Furthermore, the Dodd-Frank Act also impacts the Federal Deposit Insurance Corporation (the "FDIC") and its regulation of financial institutions. For instance, the Dodd-Frank Act places a floor on the reserve ratio at 1.35 percent of the estimated insured deposits or the comparable percentage of the assessment base. The Dodd-Frank Act also increased FDIC deposit insurance to $250,000 and made the increase retroactive to apply to any depositors of any institution for which the FDIC was appointed as receiver or conservator between January 1 and October 3, 2008.

In addition to rules and regulations that directly apply to financial institutions, the Dodd-Frank Act also calls for a restructuring of the financial service industry's regulators. In particular, the Dodd-Frank Act abolishes the Office of Thrift Supervision (the "OTS") and splits its duties primarily between the Office of the Comptroller of Currency (the "OCC") and the Federal Reserve. The OCC will absorb those OTS functions related to federal and state savings associations, and it will take over rulemaking authority for savings associations. The Federal Reserve, in turn, will now supervise and have rulemaking authority over savings and loan holding companies. The changes will take place one year after the Dodd-Frank Act's enactment.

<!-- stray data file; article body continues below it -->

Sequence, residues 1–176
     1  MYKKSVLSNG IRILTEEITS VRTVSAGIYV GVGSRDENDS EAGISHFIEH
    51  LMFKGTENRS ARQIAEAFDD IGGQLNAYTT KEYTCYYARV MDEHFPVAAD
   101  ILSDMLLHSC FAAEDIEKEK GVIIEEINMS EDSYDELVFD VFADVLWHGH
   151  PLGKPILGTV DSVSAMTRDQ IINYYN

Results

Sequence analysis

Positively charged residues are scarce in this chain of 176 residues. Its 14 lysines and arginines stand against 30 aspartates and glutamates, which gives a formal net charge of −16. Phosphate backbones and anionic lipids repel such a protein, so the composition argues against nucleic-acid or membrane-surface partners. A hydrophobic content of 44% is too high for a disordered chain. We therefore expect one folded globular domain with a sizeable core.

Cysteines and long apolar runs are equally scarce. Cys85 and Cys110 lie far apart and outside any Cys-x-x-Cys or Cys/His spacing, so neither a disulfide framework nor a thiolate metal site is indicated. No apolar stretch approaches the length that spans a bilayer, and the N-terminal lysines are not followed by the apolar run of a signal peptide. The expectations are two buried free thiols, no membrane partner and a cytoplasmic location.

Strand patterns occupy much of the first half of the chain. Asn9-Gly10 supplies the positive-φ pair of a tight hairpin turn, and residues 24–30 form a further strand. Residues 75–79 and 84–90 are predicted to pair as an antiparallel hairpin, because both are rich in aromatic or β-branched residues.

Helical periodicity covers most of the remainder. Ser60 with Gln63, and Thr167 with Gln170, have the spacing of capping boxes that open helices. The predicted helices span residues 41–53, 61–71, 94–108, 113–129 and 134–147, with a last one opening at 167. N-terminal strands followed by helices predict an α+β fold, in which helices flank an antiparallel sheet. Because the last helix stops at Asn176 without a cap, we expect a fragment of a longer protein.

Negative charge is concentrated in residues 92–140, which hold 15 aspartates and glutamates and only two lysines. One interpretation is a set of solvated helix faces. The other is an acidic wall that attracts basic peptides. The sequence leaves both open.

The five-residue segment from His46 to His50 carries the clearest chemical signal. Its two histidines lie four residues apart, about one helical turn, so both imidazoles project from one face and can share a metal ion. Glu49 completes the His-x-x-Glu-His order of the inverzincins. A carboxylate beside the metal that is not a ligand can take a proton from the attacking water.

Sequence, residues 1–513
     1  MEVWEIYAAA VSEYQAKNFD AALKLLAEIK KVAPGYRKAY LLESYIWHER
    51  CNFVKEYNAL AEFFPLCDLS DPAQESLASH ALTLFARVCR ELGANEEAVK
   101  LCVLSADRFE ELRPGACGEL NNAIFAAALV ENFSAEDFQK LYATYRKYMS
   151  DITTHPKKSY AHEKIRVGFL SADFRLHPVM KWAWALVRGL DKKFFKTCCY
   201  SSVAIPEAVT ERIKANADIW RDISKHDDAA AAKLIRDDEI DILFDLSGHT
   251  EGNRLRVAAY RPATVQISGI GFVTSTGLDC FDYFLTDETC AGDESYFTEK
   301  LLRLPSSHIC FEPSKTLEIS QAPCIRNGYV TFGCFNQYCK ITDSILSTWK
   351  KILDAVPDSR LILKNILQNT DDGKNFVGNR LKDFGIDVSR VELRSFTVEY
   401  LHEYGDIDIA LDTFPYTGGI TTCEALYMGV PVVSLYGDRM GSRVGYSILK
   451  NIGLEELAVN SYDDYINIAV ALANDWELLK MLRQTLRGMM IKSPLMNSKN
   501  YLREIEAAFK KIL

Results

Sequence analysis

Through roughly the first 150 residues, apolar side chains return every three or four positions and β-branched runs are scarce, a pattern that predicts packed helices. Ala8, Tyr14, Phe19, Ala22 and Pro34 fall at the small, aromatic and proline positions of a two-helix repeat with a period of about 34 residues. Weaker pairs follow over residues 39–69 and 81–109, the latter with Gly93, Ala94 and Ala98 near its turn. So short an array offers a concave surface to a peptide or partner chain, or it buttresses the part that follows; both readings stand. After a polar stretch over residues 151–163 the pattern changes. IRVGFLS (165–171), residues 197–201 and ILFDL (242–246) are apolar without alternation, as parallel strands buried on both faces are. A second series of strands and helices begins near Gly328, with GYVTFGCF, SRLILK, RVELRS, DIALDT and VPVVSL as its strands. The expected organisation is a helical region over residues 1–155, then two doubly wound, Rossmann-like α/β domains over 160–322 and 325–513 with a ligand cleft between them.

Though the Dodd-Frank Act eliminates the OTS, it creates several new agencies, including the Bureau of Consumer Financial Protection (the "BCFP"). The BCFP is part of the Federal Reserve, and its purpose is to "regulate the offering and provision of consumer financial products or services under the Federal consumer financial laws."  In general, the BCFP intends to implement and enforce federal laws so as to ensure that all consumers have access to fair, transparent and competitive markets for consumer financial products and services. To that end, the BCFP has rulemaking authority over consumer financial laws, enforcement power (to be coordinated with the Federal Trade Commission) and exclusive authority to require reports from and monitor insured depository institutions with total assets greater than $10 billion.